I then decided it would prove to be a better gameplay experience if I opted for the Performance RT mode instead, which lowered the resolution to 1440p (with a few drops to 1080p) while also lowering certain effects and Ray Tracing. Even with the graphical compromise, the added smoothness  eliminated some of that motion sickness. 

But after the July 1 patch, it was enough of a frame rate improvement that I've stuck to the 120Hz Display mode since. Now I was able to see the full power of the PS5, with Insomniac's intense attention to reflective surface detail at a smooth clip. 

Why you need a 120Hz TV like this

LG C9 OLED

(Image credit: LG)

The only downside to this is that it will require gamers to upgrade to a 120Hz display. And ideally one that can produce a rich HDR image. As noted in our best gaming TVs roundup, this includes the top-of-the line sets from every manufacturer.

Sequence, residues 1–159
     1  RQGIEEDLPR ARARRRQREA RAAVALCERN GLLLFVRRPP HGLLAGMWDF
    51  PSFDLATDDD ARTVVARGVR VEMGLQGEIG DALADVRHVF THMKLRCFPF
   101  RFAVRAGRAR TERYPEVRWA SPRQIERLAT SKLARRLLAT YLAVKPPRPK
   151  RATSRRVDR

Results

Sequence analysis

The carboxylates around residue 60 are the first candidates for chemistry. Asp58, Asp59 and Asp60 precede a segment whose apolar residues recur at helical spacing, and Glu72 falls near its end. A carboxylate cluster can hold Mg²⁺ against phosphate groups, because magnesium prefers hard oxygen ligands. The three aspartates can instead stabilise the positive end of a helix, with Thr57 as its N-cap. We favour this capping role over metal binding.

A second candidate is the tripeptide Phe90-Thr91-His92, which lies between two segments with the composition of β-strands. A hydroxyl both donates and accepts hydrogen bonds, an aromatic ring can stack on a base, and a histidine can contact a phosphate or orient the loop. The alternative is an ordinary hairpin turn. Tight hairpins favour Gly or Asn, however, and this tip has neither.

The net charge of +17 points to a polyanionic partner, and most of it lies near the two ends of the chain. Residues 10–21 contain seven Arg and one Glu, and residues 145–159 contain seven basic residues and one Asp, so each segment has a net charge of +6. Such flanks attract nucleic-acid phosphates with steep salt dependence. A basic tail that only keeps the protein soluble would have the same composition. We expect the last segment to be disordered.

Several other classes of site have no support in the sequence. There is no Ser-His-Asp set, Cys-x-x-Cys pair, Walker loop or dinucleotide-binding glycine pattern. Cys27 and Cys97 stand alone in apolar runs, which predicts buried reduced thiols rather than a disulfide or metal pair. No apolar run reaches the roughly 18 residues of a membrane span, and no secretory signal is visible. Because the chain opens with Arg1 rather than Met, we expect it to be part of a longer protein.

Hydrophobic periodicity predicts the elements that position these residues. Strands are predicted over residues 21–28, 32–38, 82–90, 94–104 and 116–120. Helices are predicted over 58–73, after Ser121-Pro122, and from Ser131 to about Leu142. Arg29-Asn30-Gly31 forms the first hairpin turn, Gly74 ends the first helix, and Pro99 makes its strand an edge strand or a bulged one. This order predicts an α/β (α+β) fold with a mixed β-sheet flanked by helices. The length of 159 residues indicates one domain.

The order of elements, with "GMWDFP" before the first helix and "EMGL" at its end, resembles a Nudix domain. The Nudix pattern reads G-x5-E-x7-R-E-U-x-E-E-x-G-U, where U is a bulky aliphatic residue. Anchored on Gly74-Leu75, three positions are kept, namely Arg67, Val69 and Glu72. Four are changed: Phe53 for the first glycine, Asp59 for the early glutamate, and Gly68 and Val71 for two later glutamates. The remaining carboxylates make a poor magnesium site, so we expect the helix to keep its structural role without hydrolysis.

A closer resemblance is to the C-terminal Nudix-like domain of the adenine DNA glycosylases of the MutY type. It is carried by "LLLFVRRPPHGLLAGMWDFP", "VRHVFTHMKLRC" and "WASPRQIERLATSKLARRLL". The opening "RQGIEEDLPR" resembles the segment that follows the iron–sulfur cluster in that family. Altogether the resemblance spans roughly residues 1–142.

And for gamers that have been desperately checking PS5 restocks, to drop $500 on a console only to then require a $1,000-plus TV purchase is a big ask. 

While I love my LG C9 OLED, it's since been discontinued. Luckily, there are a bevy of sets that have comparable, if not better, feature sets that we'd gladly recommend. 

I'm personally an LG OLED fan, and either this year's C1 Class or last year's CX will perform with rigor. Unfortunately, OLED sets are some of the most expensive TVs on the market. Occasionally, retailers like Micro Center will have refurbished LG OLEDs on sale. It's how I was able to afford my set. For example, it's possible to find last year's 55" LG CX OLED for $1,000. While expensive, it's $600 cheaper than the current 55" C1 Class at Best Buy.